While tech procurements have been on the rise over the past several years, COVID most definitely fueled the flame. According to data from an analysis by Jeff Cook, managing director at Shea & Co., third-quarter 2021 tech deals hit nearly $2.2 billion. With much of that activity from strategic acquisitions. Government Technology, January/February 2022
The new year will likely see both large and smaller acquisitions continue with all being potentially significant. Cook expects, “the acquirers who’ve been active will continue to be active.” (ibid)
Apart from acquisitions, other factors have also fueled the growth. Although there is an abundance of bureaucracy in the government, the government is a stable source of sales and returns. While other areas of the economy may slow, the Government, both local and federal, will continue to operate. This coupled with the need to constantly update their tech requirements make the government a top contender for igniting tech growth. (ibid)
Another factor is the move toward cloud computing and software as a service. Google Announced in November of 2021, the launch of a cloud-based “sandbox” named RAD Lab. It is an instrument public agencies might use to test and develop their specific tools. As an added perk, Google provides support in a secure environment. (ibid)
Surveys of both cities and counties by The Center for Digital Government’s, in 2021, show greater movement to the cloud. Approximately one-third of cities report that about 30 percent of their systems and applications reside in the cloud. County migration is about 26 percent. Therefore, while movement is toward the cloud, there is an opportunity there that has yet to be tapped. (ibid)
Google is not the only game in town. Amazon is looking to take a piece of this market, as well. This shows how big tech is looking to add to their revenue from the gov tech space. (ibid)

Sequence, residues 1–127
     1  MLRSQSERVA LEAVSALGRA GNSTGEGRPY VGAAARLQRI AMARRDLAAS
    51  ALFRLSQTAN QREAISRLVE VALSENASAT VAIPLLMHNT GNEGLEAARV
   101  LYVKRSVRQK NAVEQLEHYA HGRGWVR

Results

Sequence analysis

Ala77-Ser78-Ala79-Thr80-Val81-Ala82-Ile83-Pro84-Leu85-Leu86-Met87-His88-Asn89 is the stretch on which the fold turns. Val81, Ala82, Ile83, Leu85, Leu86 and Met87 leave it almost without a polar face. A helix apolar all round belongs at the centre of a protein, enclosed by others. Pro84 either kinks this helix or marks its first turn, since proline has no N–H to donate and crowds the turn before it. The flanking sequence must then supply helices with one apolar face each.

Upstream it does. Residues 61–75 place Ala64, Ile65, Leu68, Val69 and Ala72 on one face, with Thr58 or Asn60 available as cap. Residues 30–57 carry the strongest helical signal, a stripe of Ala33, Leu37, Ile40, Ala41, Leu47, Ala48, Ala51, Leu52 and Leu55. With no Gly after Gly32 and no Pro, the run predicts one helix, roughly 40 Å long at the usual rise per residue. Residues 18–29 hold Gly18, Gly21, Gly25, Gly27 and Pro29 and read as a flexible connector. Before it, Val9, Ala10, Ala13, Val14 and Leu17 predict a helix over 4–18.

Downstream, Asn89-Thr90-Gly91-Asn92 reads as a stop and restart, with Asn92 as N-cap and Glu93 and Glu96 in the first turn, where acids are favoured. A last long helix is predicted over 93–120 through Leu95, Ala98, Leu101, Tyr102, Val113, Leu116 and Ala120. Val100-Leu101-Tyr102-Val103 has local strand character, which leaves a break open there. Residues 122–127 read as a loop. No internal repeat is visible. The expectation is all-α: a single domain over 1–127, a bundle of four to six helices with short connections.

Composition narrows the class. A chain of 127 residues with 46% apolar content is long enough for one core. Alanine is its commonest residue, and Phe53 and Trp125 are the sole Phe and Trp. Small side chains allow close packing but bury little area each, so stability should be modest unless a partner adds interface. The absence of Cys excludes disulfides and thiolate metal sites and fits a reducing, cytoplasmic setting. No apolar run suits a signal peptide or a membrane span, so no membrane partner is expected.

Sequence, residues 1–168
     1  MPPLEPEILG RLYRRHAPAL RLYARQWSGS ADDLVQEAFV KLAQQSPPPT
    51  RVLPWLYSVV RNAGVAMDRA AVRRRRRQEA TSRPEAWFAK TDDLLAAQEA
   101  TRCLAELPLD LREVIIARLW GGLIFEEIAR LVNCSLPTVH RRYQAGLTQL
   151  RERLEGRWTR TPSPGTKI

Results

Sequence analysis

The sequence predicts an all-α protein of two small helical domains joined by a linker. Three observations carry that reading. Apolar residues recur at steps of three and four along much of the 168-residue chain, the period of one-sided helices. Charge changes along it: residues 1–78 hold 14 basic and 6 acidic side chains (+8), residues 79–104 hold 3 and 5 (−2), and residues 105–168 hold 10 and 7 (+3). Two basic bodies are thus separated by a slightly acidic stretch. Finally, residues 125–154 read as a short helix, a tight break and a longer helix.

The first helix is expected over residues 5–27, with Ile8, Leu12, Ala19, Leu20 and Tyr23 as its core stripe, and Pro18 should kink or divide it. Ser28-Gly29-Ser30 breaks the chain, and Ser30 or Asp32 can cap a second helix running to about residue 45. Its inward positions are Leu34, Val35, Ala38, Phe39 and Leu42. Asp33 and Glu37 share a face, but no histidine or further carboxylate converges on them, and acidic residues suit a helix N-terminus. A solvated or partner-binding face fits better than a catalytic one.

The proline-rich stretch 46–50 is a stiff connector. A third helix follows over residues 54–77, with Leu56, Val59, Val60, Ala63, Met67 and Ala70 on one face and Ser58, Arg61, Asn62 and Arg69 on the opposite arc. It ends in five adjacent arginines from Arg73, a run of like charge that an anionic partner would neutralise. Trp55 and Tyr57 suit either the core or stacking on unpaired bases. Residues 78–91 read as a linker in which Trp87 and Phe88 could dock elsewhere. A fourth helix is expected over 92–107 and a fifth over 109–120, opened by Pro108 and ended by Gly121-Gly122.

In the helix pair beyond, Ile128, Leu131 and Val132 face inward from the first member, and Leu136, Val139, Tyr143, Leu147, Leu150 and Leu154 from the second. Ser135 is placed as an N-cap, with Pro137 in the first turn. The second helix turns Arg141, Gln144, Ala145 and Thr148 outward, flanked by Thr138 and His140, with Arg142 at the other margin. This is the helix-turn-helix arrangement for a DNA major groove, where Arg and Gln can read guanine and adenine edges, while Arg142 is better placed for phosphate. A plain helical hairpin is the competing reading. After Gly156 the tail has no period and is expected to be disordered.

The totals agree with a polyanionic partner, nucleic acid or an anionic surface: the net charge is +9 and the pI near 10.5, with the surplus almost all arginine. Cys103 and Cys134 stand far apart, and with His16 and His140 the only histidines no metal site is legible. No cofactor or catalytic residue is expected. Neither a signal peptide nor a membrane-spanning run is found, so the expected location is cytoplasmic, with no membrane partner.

According to Stewart Lynn, a partner at Serent Capital who leads gov tech practice, “many private-sector folks are finding new roles within government and have understood that the current systems in place are very antiquated and in need of an upgrade. As citizens have become more active online, you’re seeing governments being responsive to their citizens’ needs. Citizens today want the ability to go online and buy their permits, process their payments, understand what’s going with budget spending. And governments are responding to that demand by investing in digital solutions.” (ibid)
As with all new growth, comes a few hurdles and grey areas. According to Rita Reynolds, chief information officer for the National Association of Counties, “government technology vendors must be willing to update their terms of service and contracts to accept their responsibility and ensure that baseline essential security practices are in place to secure what they are hosting and providing to counties.” (ibid)
For counties, states, and the federal government, there’s a need for some flexibility within the procurement arena. An updated acquisition process and partnering with the private sector will go a long way to make this a win-win for both the government and vendors.
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